This opportunity, this potential of authorship to really decide who do I want to become with this fresh kind of view, so to speak. So maybe integration is about, yeah, being clear on who it is you wanna become in the aftermath of which you've experienced. And certainly there's can be a lot of letting go and releasing of illusions and limiting beliefs that opens up the ways for new ways of being.

It's all kind of anchoring that in and nourishing the seed and the gift of what was received with good elements to have it take root and grow and flourish in your.

Pascal Tremblay: And why is psychedelic integration important? There's a lot of people that are entering journeys or experiences without fully understanding what is it exactly and what are the benefits of it.

Why is psychedelic integration important?

Pascal Tremblay: Why engage in psychedelic integration?

Michael: I can go there's so many benefits to it. Fran Boza one of the more popular psychedelic guides in the west of contemporary Times, she says something like, It's an insult to the potency of this. Transformative work to not integrate what has been revealed. So in, in one way, it just feels like a respectful, honoring, if you're gonna go into a psychedelic journey, it's a lot of time and effort and energy and such riches can come of it.

I think of it like you're going into this cave of your inner world and mining out these precious jewels, and then you can just put them in your pocket and leave it as an experience. Or you can do the integration work to, embed them in a ring or a piece of jewelry that you can, wear to the world or give its gifts.

And it, it takes this really deep journey and brings beauty to the rest of the world. Outside of that and, without good integration, then the benefits that come don't necessarily benefit you or others. They just stay as this separate distinct experience that happened in the plant medicine ceremony.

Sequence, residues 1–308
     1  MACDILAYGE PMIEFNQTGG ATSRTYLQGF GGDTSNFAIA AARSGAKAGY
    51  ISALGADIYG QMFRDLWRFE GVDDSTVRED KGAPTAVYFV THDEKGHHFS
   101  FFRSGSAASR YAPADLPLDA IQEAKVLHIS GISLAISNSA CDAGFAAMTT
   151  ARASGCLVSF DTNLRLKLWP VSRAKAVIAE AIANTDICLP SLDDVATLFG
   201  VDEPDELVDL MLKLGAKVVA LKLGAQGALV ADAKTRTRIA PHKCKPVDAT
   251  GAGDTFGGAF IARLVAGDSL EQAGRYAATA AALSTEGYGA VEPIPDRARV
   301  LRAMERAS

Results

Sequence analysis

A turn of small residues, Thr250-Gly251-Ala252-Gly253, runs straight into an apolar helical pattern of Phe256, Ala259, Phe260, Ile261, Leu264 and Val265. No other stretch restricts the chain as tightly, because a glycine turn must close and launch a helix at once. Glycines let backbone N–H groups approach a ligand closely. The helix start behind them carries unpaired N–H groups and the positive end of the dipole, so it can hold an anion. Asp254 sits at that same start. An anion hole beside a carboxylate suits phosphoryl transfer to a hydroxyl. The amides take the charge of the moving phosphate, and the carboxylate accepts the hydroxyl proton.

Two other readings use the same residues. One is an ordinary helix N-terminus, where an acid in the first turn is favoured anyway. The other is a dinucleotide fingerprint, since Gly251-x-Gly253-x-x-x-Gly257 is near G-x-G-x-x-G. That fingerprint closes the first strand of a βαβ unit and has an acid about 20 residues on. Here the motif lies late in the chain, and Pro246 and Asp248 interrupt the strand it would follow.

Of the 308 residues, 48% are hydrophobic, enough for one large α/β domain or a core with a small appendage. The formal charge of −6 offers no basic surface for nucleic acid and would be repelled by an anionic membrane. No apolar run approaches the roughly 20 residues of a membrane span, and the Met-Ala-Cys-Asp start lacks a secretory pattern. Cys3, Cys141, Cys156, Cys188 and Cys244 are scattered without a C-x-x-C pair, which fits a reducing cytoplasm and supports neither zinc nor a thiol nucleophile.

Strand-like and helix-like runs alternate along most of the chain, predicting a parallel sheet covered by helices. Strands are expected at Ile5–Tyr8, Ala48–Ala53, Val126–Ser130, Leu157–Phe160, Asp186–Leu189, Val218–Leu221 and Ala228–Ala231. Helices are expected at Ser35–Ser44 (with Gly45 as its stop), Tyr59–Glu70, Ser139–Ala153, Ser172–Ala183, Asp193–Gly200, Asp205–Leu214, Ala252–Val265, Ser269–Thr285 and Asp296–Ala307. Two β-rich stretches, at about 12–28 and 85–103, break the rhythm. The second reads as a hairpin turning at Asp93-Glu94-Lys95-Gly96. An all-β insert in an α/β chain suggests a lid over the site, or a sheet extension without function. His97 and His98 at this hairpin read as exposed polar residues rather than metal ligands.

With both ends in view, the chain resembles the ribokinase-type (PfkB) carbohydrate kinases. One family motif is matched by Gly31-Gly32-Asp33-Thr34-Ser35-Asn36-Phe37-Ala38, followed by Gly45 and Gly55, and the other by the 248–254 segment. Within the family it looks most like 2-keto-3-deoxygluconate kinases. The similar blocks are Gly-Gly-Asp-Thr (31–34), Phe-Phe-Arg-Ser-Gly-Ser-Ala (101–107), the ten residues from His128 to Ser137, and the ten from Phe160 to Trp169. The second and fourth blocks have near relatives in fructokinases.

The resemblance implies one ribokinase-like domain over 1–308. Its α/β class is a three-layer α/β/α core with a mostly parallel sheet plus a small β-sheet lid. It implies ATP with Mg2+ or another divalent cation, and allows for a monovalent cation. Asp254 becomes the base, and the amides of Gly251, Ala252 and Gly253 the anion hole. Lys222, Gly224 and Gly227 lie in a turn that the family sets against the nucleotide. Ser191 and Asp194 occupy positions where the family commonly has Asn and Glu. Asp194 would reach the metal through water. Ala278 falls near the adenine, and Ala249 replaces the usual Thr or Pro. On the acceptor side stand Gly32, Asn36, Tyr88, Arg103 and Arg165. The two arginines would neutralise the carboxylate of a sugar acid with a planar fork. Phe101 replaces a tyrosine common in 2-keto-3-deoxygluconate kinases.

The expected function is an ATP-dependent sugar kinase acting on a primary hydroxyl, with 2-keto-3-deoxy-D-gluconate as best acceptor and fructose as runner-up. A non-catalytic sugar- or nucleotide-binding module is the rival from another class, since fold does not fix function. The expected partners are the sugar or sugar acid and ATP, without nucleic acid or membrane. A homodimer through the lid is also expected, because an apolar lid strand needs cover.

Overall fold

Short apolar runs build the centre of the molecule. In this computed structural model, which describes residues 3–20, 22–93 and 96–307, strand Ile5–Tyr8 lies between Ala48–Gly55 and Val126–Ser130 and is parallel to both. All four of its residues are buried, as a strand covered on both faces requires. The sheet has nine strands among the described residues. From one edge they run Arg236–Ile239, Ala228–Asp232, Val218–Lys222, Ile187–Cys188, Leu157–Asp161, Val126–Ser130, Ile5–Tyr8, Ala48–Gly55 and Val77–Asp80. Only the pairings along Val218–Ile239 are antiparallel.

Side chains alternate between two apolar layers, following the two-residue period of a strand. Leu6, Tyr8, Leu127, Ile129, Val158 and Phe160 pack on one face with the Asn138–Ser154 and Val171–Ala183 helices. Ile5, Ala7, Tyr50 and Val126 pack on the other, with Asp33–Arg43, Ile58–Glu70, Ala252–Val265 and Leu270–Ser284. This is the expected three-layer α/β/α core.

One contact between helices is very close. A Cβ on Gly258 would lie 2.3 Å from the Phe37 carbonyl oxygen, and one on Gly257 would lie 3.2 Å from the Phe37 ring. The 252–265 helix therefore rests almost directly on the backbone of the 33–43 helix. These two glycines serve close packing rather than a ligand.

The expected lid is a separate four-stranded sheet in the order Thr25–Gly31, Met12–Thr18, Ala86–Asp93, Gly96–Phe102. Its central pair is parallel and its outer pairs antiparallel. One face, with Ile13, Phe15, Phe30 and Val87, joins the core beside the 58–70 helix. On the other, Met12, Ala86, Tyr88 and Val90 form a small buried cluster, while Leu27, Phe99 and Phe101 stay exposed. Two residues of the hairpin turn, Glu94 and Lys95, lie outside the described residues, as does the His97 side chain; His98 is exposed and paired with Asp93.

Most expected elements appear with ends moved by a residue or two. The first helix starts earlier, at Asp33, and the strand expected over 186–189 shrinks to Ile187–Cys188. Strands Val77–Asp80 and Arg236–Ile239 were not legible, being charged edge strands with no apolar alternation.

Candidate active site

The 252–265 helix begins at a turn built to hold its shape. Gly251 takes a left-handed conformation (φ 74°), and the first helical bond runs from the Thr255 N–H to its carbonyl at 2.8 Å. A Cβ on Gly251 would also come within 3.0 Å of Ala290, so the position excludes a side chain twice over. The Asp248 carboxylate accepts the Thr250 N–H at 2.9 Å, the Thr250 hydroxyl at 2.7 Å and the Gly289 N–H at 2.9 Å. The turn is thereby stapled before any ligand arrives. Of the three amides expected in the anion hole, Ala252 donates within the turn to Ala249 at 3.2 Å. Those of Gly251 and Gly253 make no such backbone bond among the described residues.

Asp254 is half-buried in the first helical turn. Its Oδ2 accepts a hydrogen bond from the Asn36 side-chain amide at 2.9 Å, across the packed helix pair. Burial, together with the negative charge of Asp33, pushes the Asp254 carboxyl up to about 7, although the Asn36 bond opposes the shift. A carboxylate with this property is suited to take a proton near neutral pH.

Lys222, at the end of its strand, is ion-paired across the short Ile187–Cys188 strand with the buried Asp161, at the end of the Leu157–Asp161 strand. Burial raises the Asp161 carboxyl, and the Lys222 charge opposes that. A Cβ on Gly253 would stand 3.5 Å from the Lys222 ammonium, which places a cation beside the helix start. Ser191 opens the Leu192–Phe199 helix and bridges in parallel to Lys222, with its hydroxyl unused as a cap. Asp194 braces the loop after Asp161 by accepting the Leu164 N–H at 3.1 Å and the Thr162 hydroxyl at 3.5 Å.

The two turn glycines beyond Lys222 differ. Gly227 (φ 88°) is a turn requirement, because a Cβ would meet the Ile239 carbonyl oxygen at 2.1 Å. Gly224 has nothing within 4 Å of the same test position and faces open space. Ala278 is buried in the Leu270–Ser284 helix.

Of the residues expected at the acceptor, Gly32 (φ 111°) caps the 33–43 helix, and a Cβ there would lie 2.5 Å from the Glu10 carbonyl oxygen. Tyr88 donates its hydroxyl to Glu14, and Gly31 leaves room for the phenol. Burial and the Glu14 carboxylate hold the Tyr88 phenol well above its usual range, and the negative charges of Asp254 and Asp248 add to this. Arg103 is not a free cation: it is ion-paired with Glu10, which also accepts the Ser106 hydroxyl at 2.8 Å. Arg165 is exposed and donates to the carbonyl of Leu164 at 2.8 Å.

And there's always gonna be some bleed out in integration, but the more you do, the more the gifts from it can be benefiting yourself and others in the world.

Erin: Yeah. What comes up for me around integration, I love that analogy of the jewelry, Michael, is it can be really challenging when you see something that you can't unsee, that you have a, an awareness that opens something or gives a different perspective or creates a desire for a different kind of orientation to reality.

And when there is an integration, there's almost like. You can't unsee something. And from my experience there's this tension between but wait, there's this experience that I had and I know something could be different and maybe some of my suffering could be alleviated, but if I'm not taking the time to really turn towards the experience and bring it into my body, then I'm left looking across the river at this experience that I maybe don't remember, but I remember the feeling of possibility.